(A) Hypothetical neural mechanisms involved in the maintenance of basal tearing and production of dryness sensations by cold receptor activity. At comfortable environmental temperature and humidity levels, background nerve impulse activity in cold thermoreceptors may oscillate slightly between blinks, but altogether, it does not represent a sensory input of sufficiently large temporal and spatial dimensions to evoke conscious sensations. However, such cold thermoreceptor activity still serves to maintain a tonic excitatory input to central parasympathetic neurons of the salivary nucleus, which project through the pterygopalatine ganglion to the lacrimal glands and maintain basal tearing. Sympathetic activation may also be involved in the determination of the final composition and volume of tears. (B) The hypothetical mechanisms governing the change in tearing rate and the apparition of conscious dryness sensations during evaporative reductions of corneal surface temperature in young and aged people and in patients with injured corneal sensory nerves consecutive to surgery or to severe eye dryness. Left: in normal individuals at comfortable environmental temperature and humidity levels, activity in corneal cold endings (10% of the total number of corneal nerve endings ≈100 /mm2; see Refs. 18,43) stimulates basal tear flow, but does not evoke dryness sensations. Dryness sensations appear when strong cooling elicits higher firing frequencies, although additional increases in basal tear flow are modest; conversely, reduced cooling resulting from low evaporation, decreases cold afferent activity and tearing flow. Middle: in elderly individuals, the total number of endings decreases with age to approximately 50% 43 ; this predictably reduces the total afferent sensory input to parasympathetic centers, thereby decreasing basal tear flow. The elevated evaporation that occurs with a thinner tear film, even under comfortable conditions, produces an augmented impulse activity in the surviving cold fibers that tends to counteract the reduced tearing, but also generates conscious dryness sensations. Decreases or increases in corneal temperature produced by changes in evaporation according to environmental conditions will aggravate or alleviate this state. Right: damaged nerve endings display an abnormal, augmented impulse activity that still serves to maintain relatively intact the cold receptor–dependent basal tear flow but is interpreted by the cerebral cortex as a sensory message of ocular dryness.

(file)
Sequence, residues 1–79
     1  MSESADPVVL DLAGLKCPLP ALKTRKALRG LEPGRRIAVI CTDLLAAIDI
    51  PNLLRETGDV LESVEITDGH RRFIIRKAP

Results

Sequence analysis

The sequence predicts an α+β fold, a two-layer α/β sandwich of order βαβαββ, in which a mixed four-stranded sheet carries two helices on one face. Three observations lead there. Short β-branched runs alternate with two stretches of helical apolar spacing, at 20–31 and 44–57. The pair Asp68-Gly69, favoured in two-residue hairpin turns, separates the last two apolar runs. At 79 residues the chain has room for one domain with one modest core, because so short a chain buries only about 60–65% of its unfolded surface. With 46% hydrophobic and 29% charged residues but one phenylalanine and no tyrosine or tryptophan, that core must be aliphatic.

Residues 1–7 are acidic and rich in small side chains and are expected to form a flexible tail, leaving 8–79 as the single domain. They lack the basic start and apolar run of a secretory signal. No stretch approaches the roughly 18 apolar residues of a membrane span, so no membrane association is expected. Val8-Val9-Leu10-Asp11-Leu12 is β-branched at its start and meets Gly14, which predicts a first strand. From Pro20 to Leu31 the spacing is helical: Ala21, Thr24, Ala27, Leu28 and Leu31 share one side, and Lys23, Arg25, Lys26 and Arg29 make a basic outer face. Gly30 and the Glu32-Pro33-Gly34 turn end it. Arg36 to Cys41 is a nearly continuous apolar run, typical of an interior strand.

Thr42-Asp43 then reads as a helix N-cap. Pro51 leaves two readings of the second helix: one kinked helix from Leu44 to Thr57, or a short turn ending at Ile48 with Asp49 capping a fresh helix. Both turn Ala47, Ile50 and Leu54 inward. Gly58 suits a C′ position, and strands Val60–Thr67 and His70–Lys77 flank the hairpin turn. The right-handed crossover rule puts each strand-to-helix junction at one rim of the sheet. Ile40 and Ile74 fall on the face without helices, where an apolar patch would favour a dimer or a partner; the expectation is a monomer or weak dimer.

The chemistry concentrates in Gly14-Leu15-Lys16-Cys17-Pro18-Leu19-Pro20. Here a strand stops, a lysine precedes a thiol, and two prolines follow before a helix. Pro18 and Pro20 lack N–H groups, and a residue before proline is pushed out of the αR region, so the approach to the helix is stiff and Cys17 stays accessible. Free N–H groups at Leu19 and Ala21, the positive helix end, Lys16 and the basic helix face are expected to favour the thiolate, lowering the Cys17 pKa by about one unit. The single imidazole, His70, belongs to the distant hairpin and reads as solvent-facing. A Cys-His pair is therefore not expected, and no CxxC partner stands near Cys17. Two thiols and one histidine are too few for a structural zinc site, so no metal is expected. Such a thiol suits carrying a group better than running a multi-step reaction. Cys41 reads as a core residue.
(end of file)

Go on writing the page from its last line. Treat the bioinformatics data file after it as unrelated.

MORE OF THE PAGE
The activity of cold thermoreceptors within the normal range of corneal temperatures in healthy eyes appears to exert a nearly maximal stimulatory effect on tear secretion, because further increases in cold receptor activity obtained by larger corneal cooling stimuli within the innocuous level causes only modest elevations of the basal tearing rate. 18 However, it is worth noting that the magnitude of the tonic excitatory input of cold receptors to central parasympathetic neurons possibly depends on the total number of active fibers and their mean firing frequency, as occurs with other secretory and vascular autonomic responses driven by cutaneous thermoreceptor sensory input. 28,29 Cold-dependent basal tearing is expected to decay if the overall sensory inflow provided by the whole population of ocular cold afferent fibers decreases, as presumably occurs when cold trigeminal neurons progressively die with aging. 30 This mechanism could contribute to the increased incidence of deficient basal tear secretion with age (Fig. 1).